Lumumba seeking $47 million from the state, feds to address emergency water repairs

Lumumba on Stokes
Lumumba on Stokes(David Kenney)
Updated: Mar. 4, 2021 at 2:47 PM CST
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JACKSON, Miss. (WLBT) - Jackson Mayor Chokwe Antar Lumumba is seeking $47 million in state funding to make repairs to the city’s water system, which was crippled by February’s winter storms.

In a letter dated March 3, Lumumba said he was requesting $47 million from the state and federal government to “make the capital improvements necessary for the efficient operation of Jackson’s water treatment plants and distribution network.”

Lumumba goes on to say that “these improvements are critical to our efforts to ensure that our residents and businesses are not deprived of clean water again.”

The request comes as the city continues to dig out from the February winter weather, which caused production to drop at the O.B. Curtis Water Treatment Plant.

At the height of the storm, production there was cut by approximately half, causing water service to be interrupted for about 43,000 customers.

The letter was sent to Gov. Tate Reeves and was copied to Lt. Gov. Delbert Hosemann, House Speaker Philip Gunn, the Hinds County legislative delegation, U.S. Congressman Bennie Thompson and Sens. Roger Wicker and Cindy Hyde-Smith.

Some members of the Jackson City Council, meanwhile, are questioning the request as well as a facilities plan that was included with the letter.

Ward One Councilman Ashby Foote, for instance, wonders why Lumumba has been telling media outlets that the city needs between $1 billion and $2 billion to address its water needs, but then sends a list to the state seeking $47 million.

“How do you go from telling MSNBC that you need a billion dollars, then you send a letter with a very specific list of expenses to the governor?” he asked. “How do you do this in the span of 72 hours?”

Foote also asked who created the list and why the council was just finding out about it. The plan is titled “Engineer’s Opinion of Probable Cost.” However, no engineering firm is listed.

Additionally, the facilities plan is dated December 16, 2020, essentially two months before the water crisis began.

“Why are we finding out about this now when people have been without water for two and a half weeks?” Foote asked.

He had reached out to Lumumba Chief of Staff Safiya Omari with his questions but had not heard back.

Council members have other concerns, including the costs for professional services.

Approximately $8.2 million, or roughly 17.4 percent, of $46.8 million in proposed expenses listed on the facilities plan goes to “professional services.”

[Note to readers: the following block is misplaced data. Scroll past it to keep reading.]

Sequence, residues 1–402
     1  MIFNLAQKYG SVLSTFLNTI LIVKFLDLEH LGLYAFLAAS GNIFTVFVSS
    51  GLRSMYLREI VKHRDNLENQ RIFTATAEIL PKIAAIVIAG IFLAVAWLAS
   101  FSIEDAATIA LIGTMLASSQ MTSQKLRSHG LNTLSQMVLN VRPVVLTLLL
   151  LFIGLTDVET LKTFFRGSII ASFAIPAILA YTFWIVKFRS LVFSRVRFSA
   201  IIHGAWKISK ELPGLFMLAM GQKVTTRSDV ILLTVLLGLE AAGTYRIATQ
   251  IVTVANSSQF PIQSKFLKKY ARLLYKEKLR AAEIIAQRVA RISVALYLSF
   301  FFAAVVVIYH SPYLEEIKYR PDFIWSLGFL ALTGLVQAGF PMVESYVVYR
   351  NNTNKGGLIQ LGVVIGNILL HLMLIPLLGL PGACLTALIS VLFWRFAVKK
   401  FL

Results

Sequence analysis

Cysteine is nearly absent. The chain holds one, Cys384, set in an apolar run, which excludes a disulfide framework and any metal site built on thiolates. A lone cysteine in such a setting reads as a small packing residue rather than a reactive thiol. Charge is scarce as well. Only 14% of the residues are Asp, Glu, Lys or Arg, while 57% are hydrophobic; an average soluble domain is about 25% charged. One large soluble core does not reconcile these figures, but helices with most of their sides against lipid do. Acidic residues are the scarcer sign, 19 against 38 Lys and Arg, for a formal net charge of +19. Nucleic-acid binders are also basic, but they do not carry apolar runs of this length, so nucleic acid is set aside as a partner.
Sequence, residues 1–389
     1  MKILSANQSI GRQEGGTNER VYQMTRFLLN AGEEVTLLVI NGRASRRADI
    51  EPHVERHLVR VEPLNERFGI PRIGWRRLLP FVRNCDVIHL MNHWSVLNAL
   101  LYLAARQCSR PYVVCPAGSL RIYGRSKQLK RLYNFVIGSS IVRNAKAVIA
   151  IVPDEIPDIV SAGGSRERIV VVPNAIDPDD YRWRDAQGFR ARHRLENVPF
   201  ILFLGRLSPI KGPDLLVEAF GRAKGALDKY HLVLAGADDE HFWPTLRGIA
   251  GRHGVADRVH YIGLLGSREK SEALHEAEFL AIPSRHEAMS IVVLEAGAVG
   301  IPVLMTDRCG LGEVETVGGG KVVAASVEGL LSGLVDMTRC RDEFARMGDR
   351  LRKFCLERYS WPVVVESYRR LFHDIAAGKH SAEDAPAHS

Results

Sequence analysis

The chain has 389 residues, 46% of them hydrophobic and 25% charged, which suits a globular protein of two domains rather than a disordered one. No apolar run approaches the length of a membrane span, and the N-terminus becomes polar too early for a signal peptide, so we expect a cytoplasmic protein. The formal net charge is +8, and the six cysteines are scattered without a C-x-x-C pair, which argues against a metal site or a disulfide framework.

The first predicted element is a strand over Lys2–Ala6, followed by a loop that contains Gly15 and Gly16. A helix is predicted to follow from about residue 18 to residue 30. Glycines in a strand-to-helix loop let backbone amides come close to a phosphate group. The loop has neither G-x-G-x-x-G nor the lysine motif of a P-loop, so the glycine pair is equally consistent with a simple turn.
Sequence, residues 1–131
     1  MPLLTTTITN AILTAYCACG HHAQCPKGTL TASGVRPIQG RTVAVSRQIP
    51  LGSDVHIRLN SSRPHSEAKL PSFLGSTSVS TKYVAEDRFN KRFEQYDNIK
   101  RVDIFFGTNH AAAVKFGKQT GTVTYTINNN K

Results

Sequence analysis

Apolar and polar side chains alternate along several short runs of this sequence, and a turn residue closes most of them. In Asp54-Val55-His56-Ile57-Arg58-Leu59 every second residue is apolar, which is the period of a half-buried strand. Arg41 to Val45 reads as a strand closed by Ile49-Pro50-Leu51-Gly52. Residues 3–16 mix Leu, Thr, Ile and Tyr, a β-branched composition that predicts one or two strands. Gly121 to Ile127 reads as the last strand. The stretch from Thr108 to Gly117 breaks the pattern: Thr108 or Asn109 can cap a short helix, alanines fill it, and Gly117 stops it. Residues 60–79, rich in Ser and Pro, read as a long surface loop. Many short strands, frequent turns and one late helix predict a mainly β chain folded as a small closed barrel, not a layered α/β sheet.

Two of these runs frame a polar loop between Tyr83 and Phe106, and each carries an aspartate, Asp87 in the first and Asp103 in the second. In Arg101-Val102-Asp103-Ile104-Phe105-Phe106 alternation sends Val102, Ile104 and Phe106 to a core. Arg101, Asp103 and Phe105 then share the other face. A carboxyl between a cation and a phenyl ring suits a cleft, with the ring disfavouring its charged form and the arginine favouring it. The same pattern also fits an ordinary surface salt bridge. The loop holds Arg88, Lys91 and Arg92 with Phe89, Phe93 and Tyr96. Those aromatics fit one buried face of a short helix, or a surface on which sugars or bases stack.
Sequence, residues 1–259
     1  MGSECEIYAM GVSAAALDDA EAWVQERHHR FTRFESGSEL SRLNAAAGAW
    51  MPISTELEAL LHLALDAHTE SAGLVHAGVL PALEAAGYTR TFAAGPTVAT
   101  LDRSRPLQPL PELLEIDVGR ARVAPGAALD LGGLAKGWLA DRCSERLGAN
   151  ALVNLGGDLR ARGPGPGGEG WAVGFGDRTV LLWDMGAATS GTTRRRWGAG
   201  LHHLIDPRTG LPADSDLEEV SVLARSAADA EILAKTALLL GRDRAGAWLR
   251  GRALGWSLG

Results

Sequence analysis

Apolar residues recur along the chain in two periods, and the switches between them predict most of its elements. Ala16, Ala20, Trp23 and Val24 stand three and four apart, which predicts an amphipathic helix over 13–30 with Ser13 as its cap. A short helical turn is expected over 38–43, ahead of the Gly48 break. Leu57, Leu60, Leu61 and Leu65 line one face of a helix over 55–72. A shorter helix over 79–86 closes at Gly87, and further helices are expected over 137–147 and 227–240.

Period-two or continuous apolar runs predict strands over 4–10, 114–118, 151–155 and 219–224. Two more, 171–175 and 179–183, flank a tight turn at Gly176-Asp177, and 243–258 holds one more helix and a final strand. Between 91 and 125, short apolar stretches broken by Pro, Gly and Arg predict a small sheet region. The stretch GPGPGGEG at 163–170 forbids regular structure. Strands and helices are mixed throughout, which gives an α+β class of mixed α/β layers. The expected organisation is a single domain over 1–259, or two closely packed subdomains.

Broken down, $4.4 million of that amount goes to “construction phase inspection and contract administration” and $3.75 million goes toward “project engineering design.”

“We need to buy pipes and pay people to lay pipes,” Ward Four Councilman De’Keither Stamps said.

Meanwhile, the city is under a state of emergency, which loosens state rules regarding procurement.

A special council meeting has been set for Friday, March 5, to discuss the request.

Stamps, who also is in the Mississippi legislature, said the meeting is needed to ensure that the administration, the council, and state officials are on the same page.

“I’m not saying (the mayor’s) request is wrong, but with a problem of this magnitude, we need everyone engaged and knowing what the play is,” he said.

He pointed to the fact that the mayor sent his request to the governor without consulting council members.

“They jumped out there with this plan and we don’t even know if it’s the total scope of work needed,” he said. “They threw that one-percent item in the meeting on Tuesday and we didn’t even discuss it in the work session.”

At the council meeting Tuesday, the mayor brought up an emergency item to ask the state for a one-percent sales tax increase. The funds from the increase would go toward water and sewer needs.

Members approved that measure unanimously, but some had questions about the request after the vote.

“This is the reason we called the meeting, so we can all get on one accord and move forward,” Stamps said. “We can’t run plays without huddling up.”

Officials in Gov. Reeves’s office weren’t immediately available for comment.

A copy of the mayor’s letter to the governor, as well as the water facilities plan is shown below.

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